David was born the sixth of at least ten children, and like all his brothers and sisters, was born at Fordoun Station.
By 1903, when he married Eliza Short, at Stormontfield, he was a police constable living at 65 Main Street, Bridgend, Perth.
David and Eliza had three sons: John Andrew David Smith (1904), Andrew David Short Smith (1907), Stanley James (1910) and Sydney Thomas (1912). John was born on 13 November 1904 at 10 High Street, Perth, and died on 18 March 1905 at Innerbuist, Scone.
Between 1910 and 1912, the family lived at Cherrybank in Perth, where third and fourth sons Stanley and Sydney were born.
By 1913, the family had moved to The Academy at Rose Terrace, where David was employed as the janitor.
It would appear from postcards sent from Egypt which have been kept in ADS Smith’s scrapbook, that David served in the Field Police at the Field Punishment compound in Abbassia in Cairo from Easter 1913 to June 1922, although it is unlikely that this was a period of uninterrupted service. By December 1916 at the latest, he had achieved the rank of Lance Corporal and his number was 3275. The timing of this posting clearly coincides with the Great War, although why he should have gone out in 1913, and how he came to go at all, remains somewhat of a mystery. This would mean that he was absent from the family home for significant periods during 9 years of his sons’ childhood, leaving only 8 months after the birth of his youngest son, Sydney.
David appears to have been a policeman in the 1920s, working in and around Perth.
In 1935 and 1936 he was a Corporation Washhouse Superintendent, as described on Stanley and Maisie Smith’s wedding certificate, and the somewhat more oblique description of “Corporation official” on the marriage certificate of ADS and Doris Evelyn Smith.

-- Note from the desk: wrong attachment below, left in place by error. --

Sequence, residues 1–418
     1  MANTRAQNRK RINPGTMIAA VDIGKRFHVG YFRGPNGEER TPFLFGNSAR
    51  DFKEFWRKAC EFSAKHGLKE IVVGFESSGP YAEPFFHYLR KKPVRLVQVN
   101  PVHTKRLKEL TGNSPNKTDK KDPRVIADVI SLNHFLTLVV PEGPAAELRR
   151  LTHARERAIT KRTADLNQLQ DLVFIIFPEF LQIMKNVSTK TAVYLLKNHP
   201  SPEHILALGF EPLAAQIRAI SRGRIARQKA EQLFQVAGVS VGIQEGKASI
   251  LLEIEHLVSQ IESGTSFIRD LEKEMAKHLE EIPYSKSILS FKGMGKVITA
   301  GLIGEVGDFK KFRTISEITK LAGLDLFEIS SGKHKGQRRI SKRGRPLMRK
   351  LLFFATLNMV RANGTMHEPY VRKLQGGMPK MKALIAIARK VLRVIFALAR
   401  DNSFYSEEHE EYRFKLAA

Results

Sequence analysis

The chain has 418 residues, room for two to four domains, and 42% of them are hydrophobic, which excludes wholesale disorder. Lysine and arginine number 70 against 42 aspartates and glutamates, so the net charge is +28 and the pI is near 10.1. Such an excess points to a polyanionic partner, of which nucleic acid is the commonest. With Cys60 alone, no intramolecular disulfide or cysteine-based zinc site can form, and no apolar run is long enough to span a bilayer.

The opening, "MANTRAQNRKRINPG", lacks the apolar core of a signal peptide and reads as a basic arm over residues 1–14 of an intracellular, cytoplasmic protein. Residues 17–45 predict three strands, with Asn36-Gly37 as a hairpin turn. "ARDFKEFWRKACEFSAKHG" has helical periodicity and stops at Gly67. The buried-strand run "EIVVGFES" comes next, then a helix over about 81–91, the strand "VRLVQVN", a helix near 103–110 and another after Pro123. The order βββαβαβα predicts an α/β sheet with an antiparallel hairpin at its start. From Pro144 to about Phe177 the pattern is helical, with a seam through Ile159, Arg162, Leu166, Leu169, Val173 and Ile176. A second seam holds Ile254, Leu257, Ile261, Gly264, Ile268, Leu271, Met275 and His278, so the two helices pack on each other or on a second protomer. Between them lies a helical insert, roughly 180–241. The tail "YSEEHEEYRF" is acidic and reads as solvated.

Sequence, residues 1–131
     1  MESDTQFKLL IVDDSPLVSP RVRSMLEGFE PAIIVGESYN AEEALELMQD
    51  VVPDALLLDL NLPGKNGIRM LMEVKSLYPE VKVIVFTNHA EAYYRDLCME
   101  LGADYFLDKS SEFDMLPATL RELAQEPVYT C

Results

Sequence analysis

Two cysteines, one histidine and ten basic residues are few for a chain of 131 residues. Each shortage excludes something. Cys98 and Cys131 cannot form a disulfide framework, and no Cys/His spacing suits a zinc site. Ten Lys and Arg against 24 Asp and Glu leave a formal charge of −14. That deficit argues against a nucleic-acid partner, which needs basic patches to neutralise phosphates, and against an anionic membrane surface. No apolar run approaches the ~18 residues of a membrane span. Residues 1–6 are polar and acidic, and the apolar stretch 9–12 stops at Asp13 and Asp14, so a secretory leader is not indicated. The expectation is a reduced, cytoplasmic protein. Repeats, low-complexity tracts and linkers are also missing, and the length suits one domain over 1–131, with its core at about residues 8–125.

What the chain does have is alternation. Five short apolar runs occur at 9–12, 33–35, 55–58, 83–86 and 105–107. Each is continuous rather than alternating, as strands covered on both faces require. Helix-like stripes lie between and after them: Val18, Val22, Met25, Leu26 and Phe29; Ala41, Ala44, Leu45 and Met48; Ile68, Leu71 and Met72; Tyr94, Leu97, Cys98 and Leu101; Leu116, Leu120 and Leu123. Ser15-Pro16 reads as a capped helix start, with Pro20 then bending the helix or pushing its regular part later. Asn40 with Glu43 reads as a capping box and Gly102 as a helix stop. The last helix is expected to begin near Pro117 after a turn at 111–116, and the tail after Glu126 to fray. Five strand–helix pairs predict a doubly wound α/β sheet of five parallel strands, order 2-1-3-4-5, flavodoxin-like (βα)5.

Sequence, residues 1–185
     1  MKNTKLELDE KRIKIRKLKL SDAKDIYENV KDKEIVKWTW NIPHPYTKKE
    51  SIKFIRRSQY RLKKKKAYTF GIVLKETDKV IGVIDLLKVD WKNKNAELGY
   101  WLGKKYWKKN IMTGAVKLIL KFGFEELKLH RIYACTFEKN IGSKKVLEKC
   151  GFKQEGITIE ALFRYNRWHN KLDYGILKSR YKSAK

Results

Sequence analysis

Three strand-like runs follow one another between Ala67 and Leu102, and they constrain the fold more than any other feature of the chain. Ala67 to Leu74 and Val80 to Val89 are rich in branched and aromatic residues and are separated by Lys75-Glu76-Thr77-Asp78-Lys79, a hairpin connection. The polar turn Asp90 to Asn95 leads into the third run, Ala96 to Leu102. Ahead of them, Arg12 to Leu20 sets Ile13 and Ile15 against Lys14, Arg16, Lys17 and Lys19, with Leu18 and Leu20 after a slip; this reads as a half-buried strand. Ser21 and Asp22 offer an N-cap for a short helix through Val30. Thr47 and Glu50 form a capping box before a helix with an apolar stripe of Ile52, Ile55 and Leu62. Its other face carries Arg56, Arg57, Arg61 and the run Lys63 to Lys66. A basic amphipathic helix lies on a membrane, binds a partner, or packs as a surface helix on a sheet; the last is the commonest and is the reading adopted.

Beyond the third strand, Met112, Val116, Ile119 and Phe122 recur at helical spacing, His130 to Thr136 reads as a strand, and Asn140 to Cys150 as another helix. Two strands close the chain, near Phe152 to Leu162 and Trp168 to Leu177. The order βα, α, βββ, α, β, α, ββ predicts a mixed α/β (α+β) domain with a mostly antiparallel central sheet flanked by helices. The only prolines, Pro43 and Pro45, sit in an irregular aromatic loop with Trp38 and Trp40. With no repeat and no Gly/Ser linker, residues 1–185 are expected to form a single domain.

By 1938 at the latest, David and Eliza had moved to Easter Orchilmore farm near Killiecrankie, where he farmed the land where the Battle of Killiecrankie took place in 1689. The land stretched down to the pass of Killiecrankie, such that the site of the Soldier’s Leap (which is now owned by the National Trust in Scotland) was on their farming land. David got this farming job through a contact that Doris Smith’s father, Alexander Skinner, had in the area. It is possible that he had gained some experience on a croft with his grandfather, Adam, in Glenbervie as a child. Certainly, we know from postcards sent by David to Eliza that he visited Glenbervie with his father John Smith, when he went to visit his father in Laurencekirk.
When David and Eliza retired, they lived in a house called “Fordoun” (named after his birthplace) on Kinloch Street in Ladybank, and it is there that his wife, Eliza, and his son, Andrew, died.
Just over one year after the death of his first wife, David remarried Margaret Taylor at St Paul’s Church, Perth on 22 September 1956, coincidently, his granddaughter Jennifer’s fourteenth birthday. Margaret Taylor was born in 1889 in Kirkaldy, and had been divorced from Robert Logan Colville, a hydro-electric scheme labourer whom she had married in 1911. According to the will of David Smith, written on 20 October 1956, he and his new wife Margaret were living at One Rumdewan Crescent, Kingskettle at that time. Four months after their wedding, David died at 8 Hill Street in Strathmiglo.
The terms of David’s will, which was administered by McCash and Hunter, were that one third of the estate go to his widow, Margaret Smith and the remainder was split between Stanley and Sydney Smith and the children of the then late ADS Smith: Sally, Jennifer and Ian.
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